The Press and the Modern Presidency
Myths and Mindsets from Kennedy to Election 2000, 2nd Edition
by Louis W. Liebovich
June 2001, 300pp, 6 1/8x9 1/4
1 volume, Praeger

Hardcover: 978-0-275-97403-9
$84, 70€, A120
Paperback: 978-0-275-97404-6
$35, £26, 30€, A50
eBook Available: 978-0-313-00102-4
Please contact your preferred eBook vendor for pricing.

OAB award-winning account of contentious press-presidential relations from JFK to GWB, updated to include Clinton’s scandals and the 2000 election.

Scandal and sex sell, even in the serious business of presidential news coverage. The media deference shown to Kennedy and the scrutiny applied to Clinton illustrate the changed relation between the two, and bookend this pertinent, updated 1998 Choice Outstanding Academic Book award-winner. Liebovich tackles misconceptions about the media’s role in politics; how chief executives cooperate with and manipulate the press as it suits their needs; and how ratings pressures have bent coverage of elections and the Executive Branch for the worse.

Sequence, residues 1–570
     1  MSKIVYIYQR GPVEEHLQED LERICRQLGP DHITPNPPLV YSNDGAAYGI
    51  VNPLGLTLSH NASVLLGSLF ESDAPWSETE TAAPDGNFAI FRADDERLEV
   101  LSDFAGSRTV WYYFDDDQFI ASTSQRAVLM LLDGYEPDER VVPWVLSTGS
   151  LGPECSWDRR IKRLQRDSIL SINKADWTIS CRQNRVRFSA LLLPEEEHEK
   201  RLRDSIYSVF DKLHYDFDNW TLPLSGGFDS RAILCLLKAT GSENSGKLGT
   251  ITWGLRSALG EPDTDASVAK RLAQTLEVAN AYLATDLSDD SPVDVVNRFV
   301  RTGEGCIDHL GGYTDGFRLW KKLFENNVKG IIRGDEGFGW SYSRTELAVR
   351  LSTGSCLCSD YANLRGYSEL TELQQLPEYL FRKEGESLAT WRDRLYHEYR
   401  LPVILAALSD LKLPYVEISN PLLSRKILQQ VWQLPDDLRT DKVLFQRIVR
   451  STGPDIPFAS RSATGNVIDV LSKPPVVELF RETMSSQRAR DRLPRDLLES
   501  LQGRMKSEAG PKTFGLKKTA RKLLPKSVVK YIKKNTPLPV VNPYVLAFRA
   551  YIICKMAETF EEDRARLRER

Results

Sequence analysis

Well-written, thorough, and the only book to explore the changing relation between the press and the presidency in the later twentieth century, students and researchers alike will profit from reading this work written by one of America’s leading scholars in the field. For students interested in communications, history, or contemporary American politics, it is an unparalleled administration-by-administration introduction to the complex and intertwined workings of two of the most powerful and influential forces at work in American politics today. It furthermore provides researchers with a solid historical explanation of how both presidential politics and political news coverage have come to be popularly reviled and discounted.

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